Copaiba oil comes from copaiba trees. There are more than 70 species of copaiba trees that have been identified, many of them in South and Central America. Copaiba trees naturally produce copaiba oil-resin. This is extracted from the tree by punching a hole into the trunk. A pipe is then inserted into the hole, allowing the oil-resin to flow out. Copaiba oil-resin collected from several trees is often mixed.
The production of copaiba oil is socially significant to the Amazon because it represents approximately 95% of Brazil's oil-resin production industry. The Annual production of copaiba oil in the Amazon is estimated to be 500 tons/year. The commercialization of copaiba as an oil or in capsule form has grown due to demand by traditional and widespread use, and is exported to other countries, including the United States, France, and Germany.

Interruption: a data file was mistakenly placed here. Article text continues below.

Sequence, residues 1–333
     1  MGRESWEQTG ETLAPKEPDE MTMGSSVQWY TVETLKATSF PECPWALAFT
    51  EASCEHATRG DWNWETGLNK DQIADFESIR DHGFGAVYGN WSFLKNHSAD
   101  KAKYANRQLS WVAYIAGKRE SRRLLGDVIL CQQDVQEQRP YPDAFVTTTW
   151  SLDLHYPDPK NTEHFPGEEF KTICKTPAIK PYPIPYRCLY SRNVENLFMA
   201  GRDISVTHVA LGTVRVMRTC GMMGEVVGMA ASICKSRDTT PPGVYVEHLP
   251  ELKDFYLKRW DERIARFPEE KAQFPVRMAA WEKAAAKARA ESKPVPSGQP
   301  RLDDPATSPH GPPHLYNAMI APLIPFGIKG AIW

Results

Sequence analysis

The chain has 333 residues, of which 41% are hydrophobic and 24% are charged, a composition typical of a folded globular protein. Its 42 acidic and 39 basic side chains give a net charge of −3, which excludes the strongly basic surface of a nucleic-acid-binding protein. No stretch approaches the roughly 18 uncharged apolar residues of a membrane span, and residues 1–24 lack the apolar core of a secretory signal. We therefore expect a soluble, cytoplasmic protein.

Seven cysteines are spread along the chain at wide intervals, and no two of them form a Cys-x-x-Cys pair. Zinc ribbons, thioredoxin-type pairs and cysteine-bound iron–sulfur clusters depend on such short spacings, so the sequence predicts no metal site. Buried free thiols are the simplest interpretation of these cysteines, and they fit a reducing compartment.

The Food and Chemicals Codex lists copaiba oil as safe as a flavoring agent for foods. Copaiba oil has both an acute oral and dermal LD50 exceeding 5 g/kg, which classifies it as non-toxic. Source
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